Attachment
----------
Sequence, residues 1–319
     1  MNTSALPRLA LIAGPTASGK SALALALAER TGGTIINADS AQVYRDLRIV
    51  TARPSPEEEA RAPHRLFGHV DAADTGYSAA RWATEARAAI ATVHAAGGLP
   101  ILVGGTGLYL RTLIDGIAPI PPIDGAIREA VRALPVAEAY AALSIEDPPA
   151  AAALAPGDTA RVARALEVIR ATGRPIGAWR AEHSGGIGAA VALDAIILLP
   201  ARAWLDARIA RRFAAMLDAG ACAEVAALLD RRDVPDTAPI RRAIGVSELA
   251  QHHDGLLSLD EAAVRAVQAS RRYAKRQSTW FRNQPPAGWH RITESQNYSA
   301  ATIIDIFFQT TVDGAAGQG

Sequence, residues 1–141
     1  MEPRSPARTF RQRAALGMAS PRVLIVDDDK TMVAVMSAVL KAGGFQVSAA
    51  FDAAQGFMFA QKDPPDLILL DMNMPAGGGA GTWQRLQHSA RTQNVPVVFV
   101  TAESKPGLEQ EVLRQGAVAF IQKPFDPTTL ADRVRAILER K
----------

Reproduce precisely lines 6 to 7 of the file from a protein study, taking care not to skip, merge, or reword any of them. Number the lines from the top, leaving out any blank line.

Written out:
   201  ARAWLDARIA RRFAAMLDAG ACAEVAALLD RRDVPDTAPI RRAIGVSELA
   251  QHHDGLLSLD EAAVRAVQAS RRYAKRQSTW FRNQPPAGWH RITESQNYSA